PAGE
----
The vacation phrase "getting back to nature" implies we've been there before. Paul Lehmberg would probably take the phrase literally: In this, his first book, he returns to the territory where he once guided canoeists and trained Outward Bounders. British novelist John Fowles ("The Magus," "The French Lieutenant's Woman") takes nothing literally. In light of his mesmerizing essay -- a strange bedfellow for Frank Horvat's murky, disappointing photographs -- the phrase is redolent of one of mankind's profoundest problems.

First, the literal interpretation. "In the Strong Woods" resulted from a summer that Lehmberg, estranged from his wife, spent virtually alone in a cabin on Lake Nym, in Ontario. ("Strong" in the title is defined by the Oxford English Dictionary as "of country: thickly covered with undergrowth.") It is a book of reflections -- on travel, housework, timekeeping, and solitude. With such an approach a great deal depends on the author's tone and style. Lehmberg succeeds in both categories: He is an engaging fellow to spend time with, and he writes lively, sensuous prose. Let him speak for himself, in a passage about baking bread.

"Forty minutes after the second rising I find dark jewels hidden in the blackness of the oven, and I can never wait for the rough-crusted loaves to cool. As soon as I have them out of their pans, I slice two slabs of the steaming bread from off a loaf-end and cut a flat wedge from the wheel of cheese. It is exquisite food, this smooth sharp cheese, as ripe and smoky yellow as a full moon floating on a snowfield, and this coarse bread, dark and sweetly flavored with molasses and honey, to which it is joined. Such food is exquisitely and especially fit for the man who made it, as it cannot help but be. Each piece of bread is seeded with the remembrance of my making it, which so educates, so refines and shapens my palate that there can be no more discriminating taster of this food than myself."

But for all its yeastiness, "In the Strong Woods" comes out slightly flat. The let-down has to do with Lehmberg's decision to limit his presence in his book. Without asking him to bare his psychic wounds, the reader can rightly expect him at least to tell whether he and his wife wrote to one another over the summer and whether they got back together. Silent on these points, Lehmberg seems to have skirted the strongest copses in his woods.

No such reticence hamstrings John Fowles. His essay is personal and idiosyncratically discursive. It adopts as its central image the small, formal garden kept by Carl Linnaeus, the 18th-century originator of the international system for classifying plants and animals. The garden is extant, in Uppsala, Sweden, and Fowles views its meticulous order as symbolic of its creator's selective and narrowing approach to nature. Influenced by Linnaeus, [a] great deal of science is devoted to . . . providing specific labels, explaining specific mechanisms and ecologies, in short for sorting and tidying what seems in the mass indistinguishable one from the other. Even the simpliest knowledge of the names and habits of flowers or trees starts from this distinguishing or individuating process, and removes us a step from total reality toward anthropomorphism . . . [This knowledge] destroys or curtails certain possibilities of seeing, apprehending and experiencing. And that is the bitter fruit from the tree of Uppsalan knowledge." Fowles consider this naming approach to nature as symptomatic of a disease, the compuslion to acquire nature, to "use it in some way, to derive some personal yield," whereas in fact much of nature is characterized by "general uselessness."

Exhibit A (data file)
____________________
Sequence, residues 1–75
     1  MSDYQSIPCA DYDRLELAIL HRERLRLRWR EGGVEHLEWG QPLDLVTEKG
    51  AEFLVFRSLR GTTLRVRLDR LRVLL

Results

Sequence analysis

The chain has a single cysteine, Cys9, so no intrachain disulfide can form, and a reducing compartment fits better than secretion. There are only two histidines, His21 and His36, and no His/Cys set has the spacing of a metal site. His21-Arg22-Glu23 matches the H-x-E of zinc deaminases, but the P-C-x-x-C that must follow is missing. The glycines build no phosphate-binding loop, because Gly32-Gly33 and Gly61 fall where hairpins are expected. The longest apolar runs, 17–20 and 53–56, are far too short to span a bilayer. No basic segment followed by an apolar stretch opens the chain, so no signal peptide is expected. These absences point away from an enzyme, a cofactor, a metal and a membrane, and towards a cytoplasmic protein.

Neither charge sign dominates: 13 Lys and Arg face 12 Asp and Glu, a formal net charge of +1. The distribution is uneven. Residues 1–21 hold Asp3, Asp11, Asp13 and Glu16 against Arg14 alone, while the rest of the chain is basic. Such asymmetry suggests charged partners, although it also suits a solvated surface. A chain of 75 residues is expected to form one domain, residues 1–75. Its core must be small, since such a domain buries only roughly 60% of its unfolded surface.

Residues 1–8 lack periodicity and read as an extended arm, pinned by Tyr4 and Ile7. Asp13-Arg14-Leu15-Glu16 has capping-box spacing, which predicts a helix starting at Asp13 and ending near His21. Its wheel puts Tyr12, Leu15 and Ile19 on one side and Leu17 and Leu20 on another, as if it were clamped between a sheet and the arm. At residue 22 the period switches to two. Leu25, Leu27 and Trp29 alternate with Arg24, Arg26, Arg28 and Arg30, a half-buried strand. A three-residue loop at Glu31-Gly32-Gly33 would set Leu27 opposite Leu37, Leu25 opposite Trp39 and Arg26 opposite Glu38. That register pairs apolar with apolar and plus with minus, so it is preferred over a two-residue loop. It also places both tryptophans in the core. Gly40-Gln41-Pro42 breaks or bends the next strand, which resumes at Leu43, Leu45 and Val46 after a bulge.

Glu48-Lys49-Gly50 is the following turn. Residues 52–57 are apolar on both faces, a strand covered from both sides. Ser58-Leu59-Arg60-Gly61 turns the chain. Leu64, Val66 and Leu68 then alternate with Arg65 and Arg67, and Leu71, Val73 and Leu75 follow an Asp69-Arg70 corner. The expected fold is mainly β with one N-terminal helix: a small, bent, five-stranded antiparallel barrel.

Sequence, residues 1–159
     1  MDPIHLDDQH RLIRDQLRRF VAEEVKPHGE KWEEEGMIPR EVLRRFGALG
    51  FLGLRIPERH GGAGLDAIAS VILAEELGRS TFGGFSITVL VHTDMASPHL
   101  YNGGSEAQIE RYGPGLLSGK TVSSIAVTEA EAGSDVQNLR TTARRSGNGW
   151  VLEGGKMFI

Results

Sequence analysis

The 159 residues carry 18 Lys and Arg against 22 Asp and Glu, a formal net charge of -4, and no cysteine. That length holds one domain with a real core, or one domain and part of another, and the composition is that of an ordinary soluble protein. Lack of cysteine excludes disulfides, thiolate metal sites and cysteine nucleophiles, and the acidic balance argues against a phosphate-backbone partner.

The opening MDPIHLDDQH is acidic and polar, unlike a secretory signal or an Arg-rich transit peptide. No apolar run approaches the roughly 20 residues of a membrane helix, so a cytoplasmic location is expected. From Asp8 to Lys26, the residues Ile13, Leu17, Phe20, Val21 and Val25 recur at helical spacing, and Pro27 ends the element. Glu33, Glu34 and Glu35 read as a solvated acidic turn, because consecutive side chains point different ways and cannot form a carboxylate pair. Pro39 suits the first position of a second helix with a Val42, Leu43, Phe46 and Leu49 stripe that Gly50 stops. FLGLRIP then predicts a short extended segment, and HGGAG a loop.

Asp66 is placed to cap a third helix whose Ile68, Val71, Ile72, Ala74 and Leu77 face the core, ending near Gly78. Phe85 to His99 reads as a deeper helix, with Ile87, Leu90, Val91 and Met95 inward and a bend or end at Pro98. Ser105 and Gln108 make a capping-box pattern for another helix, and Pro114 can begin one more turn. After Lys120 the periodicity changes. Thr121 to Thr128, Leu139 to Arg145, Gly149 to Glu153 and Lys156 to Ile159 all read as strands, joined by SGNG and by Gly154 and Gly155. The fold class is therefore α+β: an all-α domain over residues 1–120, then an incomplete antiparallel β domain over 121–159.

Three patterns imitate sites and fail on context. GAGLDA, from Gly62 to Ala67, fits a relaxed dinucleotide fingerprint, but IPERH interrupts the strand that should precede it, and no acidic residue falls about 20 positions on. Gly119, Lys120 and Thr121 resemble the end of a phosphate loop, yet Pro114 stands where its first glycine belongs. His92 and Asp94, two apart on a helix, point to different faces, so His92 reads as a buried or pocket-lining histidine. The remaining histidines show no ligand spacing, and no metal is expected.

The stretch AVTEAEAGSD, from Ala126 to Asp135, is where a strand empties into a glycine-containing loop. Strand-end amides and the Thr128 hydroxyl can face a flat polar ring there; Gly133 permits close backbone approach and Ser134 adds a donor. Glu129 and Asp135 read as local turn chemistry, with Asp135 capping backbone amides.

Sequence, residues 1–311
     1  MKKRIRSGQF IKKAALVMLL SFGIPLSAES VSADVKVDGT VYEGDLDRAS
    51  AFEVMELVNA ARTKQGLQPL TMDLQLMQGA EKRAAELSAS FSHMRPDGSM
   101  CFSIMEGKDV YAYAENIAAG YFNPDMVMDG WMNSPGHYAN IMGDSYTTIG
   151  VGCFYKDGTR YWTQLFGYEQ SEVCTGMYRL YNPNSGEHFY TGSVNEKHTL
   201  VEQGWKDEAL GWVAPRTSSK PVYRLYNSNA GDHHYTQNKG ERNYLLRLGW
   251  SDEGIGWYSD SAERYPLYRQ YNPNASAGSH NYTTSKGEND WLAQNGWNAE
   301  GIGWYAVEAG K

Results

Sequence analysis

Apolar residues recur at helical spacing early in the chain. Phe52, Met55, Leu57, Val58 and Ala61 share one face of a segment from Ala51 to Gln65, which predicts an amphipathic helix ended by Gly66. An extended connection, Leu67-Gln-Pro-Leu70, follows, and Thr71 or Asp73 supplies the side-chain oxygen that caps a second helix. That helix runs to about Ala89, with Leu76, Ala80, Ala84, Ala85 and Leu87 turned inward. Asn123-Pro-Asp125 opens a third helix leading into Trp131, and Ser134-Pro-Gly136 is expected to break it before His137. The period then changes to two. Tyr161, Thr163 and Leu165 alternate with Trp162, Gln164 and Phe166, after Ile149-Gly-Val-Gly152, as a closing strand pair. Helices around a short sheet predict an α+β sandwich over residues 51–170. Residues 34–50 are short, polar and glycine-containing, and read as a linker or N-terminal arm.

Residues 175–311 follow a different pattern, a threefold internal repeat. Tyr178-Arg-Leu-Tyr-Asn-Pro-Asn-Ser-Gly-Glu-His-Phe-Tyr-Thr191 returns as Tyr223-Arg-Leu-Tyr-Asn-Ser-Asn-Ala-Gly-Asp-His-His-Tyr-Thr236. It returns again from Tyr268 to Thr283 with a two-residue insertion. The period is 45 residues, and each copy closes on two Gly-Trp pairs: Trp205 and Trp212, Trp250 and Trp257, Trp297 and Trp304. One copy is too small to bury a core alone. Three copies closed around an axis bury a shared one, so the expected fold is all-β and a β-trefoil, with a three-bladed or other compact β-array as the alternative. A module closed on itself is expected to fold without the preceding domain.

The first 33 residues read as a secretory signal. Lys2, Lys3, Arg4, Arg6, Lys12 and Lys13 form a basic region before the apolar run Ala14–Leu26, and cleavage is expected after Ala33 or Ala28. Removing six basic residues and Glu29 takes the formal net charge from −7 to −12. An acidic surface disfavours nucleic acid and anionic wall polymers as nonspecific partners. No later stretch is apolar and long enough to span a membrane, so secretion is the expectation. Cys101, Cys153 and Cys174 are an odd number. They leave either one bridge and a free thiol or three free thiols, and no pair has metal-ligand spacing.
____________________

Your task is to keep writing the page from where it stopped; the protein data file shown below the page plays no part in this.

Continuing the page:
So far so good. Indeed, so commonplace: poets have been rebelling against the purely scientific attitude toward nature for generations. It has been more than a hundred years since Walt Whitman got "tired and sick" of the "learn'd astronomer" with his proofs and columns of figures. But Fowles takes us out of the garden and deep into the woods. There we find something unexpected -- an aspect of ourselves. In each of us, Fowles claims, there is a green man, a wild side, a capacity to experience nature not in the manner of a naming, measuring scientist but of a feeling, embracing artist. "There is something in the nature of nature, in its presentness, its seeming transcience [sic], its creative ferment and hidden potential, that corresponds very closely with the wild, or green man, in our psyches . . ." (This green man of the mind is akin to the reptillian component of the human brain which Carl Sagan elucidates in "The Dragons of Eden.")

Out increasing alienation from nature, Fowles believes, bespeaks our more fundamental alienation from the wild part of ourselves, the depths that we perforce return to in dreams, the source of esthetic impulses. "There is a spiritual corollary to the way we are currently deforesting and denaturing our planet," Fowles writes. "In the end what we must most defoliate and deprive is ourselves. We might as soon start collecting up the world's poetry, every line and every copy, to burn it in a final pyre; and think we should lead richer and happier lives thereafter." In what is both a striking display of empathy for nature and the most original argument for wilderness preservation that I have encountered, John Fowles regards the deforestation of the earth as a threat to the well-being of art.